Further research is needed to better understand how to manage risk in individuals with eGFR=30-59, especially in combination with DM, and to evaluate the prognosis and use of interventional and other acute cardiovascular treatments in individuals with decreased eGFR and CHD.

WHAT IS KNOWN ABOUT THE TOPIC?

  • Current international guidelines consider all individuals with mild to moderately decreased eGFR (30-59 mL/min) at high or very high risk of CVD, and recommend aggressive management, in some cases similar to that for established CHD.

  • This increased risk has also been attributed to people with DM.

  • Few studies have compared the risk of CHD in people with eGFR 30-59, DM, or prior CHD.

  • In a previous study in north-east Spain, an area with a low incidence of CHD, individuals with type 2 diabetes were reported to have lower cardiovascular risk than CHD patients.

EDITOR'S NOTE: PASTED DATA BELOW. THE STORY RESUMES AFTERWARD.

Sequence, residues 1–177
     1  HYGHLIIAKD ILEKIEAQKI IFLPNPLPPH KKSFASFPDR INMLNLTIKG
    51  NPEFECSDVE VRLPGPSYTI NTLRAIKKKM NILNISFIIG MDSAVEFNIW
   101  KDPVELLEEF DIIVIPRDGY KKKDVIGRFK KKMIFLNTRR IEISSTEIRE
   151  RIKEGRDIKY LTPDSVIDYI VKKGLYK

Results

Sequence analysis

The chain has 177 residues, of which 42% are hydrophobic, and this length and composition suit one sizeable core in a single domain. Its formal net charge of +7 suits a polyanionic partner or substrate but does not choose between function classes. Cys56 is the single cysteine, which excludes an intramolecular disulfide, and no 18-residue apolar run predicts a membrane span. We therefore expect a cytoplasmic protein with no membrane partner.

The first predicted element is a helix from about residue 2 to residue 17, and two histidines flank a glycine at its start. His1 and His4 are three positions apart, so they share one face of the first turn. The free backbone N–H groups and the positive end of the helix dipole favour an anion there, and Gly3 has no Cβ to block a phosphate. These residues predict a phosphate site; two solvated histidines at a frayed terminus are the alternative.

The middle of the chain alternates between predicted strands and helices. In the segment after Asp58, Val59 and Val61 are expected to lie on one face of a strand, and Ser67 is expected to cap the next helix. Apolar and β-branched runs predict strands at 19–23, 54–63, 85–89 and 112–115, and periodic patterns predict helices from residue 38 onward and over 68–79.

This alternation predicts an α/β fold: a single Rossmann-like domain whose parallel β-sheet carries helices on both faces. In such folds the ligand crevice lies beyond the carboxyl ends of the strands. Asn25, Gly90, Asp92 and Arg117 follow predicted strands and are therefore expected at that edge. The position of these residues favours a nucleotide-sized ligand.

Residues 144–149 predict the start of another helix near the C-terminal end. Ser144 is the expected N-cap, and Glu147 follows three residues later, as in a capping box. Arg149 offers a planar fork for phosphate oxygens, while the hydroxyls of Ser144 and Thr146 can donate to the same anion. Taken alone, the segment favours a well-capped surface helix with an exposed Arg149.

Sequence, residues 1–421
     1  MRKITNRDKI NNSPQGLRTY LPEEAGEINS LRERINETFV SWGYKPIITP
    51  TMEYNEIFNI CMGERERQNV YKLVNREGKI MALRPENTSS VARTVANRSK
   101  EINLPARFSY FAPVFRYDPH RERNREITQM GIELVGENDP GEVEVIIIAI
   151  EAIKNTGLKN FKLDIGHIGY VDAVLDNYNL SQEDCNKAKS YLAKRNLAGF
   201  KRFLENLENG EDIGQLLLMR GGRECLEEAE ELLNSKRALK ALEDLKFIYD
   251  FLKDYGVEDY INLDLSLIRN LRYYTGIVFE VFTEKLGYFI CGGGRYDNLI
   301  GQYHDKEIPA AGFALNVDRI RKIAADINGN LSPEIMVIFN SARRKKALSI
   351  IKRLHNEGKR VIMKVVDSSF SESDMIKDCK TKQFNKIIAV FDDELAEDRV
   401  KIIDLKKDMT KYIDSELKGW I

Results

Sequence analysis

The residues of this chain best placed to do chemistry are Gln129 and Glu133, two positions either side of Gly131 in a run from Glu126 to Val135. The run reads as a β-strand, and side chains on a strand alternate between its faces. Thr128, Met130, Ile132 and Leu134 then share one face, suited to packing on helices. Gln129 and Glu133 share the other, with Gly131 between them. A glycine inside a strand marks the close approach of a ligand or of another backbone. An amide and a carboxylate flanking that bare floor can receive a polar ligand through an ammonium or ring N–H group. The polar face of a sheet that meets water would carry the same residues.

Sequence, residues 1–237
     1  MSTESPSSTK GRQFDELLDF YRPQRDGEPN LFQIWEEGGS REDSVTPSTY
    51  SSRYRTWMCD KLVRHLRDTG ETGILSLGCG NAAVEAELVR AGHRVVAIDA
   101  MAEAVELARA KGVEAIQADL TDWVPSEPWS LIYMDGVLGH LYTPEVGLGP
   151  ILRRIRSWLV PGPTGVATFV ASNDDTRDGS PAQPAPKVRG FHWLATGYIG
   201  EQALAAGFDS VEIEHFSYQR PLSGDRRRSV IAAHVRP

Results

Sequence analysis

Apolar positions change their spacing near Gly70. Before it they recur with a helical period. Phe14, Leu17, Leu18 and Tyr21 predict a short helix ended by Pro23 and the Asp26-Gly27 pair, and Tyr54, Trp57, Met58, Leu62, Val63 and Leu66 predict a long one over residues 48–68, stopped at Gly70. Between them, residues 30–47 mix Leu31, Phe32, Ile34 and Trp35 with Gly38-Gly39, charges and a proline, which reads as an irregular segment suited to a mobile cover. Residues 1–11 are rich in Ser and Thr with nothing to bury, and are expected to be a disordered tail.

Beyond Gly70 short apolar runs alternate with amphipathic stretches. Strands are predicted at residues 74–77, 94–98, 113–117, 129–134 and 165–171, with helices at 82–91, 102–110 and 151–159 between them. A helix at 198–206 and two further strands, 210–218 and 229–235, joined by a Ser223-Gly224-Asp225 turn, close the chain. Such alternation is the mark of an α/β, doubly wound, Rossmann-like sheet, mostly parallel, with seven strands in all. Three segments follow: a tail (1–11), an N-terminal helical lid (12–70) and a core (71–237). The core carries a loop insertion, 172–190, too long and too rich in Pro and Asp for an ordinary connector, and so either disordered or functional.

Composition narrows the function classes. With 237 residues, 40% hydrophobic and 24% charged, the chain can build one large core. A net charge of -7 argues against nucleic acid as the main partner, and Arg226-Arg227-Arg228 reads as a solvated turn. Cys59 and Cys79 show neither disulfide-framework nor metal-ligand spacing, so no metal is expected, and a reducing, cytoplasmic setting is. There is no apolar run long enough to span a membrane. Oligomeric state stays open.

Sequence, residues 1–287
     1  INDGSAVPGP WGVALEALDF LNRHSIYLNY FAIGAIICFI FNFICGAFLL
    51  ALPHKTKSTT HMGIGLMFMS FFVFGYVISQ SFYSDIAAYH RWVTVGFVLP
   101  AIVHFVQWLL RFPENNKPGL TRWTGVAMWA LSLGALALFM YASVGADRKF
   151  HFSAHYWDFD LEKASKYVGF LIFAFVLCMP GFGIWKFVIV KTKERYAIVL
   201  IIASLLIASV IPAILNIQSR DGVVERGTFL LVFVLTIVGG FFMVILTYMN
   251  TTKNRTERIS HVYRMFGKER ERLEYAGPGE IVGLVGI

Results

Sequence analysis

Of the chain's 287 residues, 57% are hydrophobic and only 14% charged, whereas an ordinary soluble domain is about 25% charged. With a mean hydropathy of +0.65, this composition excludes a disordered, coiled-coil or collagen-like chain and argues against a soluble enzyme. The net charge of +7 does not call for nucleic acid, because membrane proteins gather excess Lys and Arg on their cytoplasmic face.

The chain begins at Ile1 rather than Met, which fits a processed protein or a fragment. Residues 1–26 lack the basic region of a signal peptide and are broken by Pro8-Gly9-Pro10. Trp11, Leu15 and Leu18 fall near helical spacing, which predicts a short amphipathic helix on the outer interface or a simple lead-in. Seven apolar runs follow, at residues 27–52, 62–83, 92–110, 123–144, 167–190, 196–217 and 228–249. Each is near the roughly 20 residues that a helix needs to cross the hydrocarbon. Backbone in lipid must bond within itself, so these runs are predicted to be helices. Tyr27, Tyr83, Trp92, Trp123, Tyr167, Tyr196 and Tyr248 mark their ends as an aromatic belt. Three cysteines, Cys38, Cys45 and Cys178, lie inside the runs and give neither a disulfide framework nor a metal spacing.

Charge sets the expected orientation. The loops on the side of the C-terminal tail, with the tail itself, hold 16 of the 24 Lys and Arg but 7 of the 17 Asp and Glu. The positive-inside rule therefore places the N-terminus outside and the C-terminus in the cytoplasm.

WHAT DOES THIS STUDY ADD?

  • In a region with a low incidence of CHD, 60- to 79-year-olds with moderately impaired renal function (eGFR=30-59) had a similar risk of CHD and CVD events to that in individuals with DM.

  • The risk was 50% lower than in individuals with established CHD.

  • In individuals with CHD, the presence of DM or eGFR=30-59 plus DM significantly increased the risk of new events.

Funding

This project was supported by a research grant from the Carlos III Institute of Health, Ministry of Economy and Competitiveness (Spain), awarded under the 2011 call of the Health Strategy Action, within the National Research Program oriented to Societal Challenges. This program forms part of the Technical, Scientific and Innovation Research National Plan 2008-2011, co-funded by European Union ERDF funds (European Regional Development Fund) (PI11/02220).

Ministry of Economy and Competitiveness through the Carlos III Institute of Health (Red RedIAPP RD12/0007) and European Regional Development Funds (ERDF-FEDER) Generalitat de Catalunya through the Agency for Management of Universities and Research Grants (AGAUR) [2014 SGR 1225] [2014 SGR 902].

CONFLICTS OF INTEREST

None declared.

Acknowledgments

MACAP Renal Costa de Ponent Research Group: Eva Alonso-Bes, Virtudes Álvarez-Funes, Sílvia Cobo-Guerrero, Esther Freixes-Villaró, Roser Güell-Miró, Luisa Pascual-Benito, Maria Soler-Vila